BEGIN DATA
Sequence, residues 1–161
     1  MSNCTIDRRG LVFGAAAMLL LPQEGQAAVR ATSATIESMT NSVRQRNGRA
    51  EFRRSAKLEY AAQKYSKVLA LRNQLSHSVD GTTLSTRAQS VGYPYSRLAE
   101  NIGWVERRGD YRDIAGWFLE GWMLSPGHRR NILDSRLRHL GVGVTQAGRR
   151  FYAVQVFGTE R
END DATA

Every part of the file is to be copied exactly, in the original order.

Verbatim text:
Sequence, residues 1–161
     1  MSNCTIDRRG LVFGAAAMLL LPQEGQAAVR ATSATIESMT NSVRQRNGRA
    51  EFRRSAKLEY AAQKYSKVLA LRNQLSHSVD GTTLSTRAQS VGYPYSRLAE
   101  NIGWVERRGD YRDIAGWFLE GWMLSPGHRR NILDSRLRHL GVGVTQAGRR
   151  FYAVQVFGTE R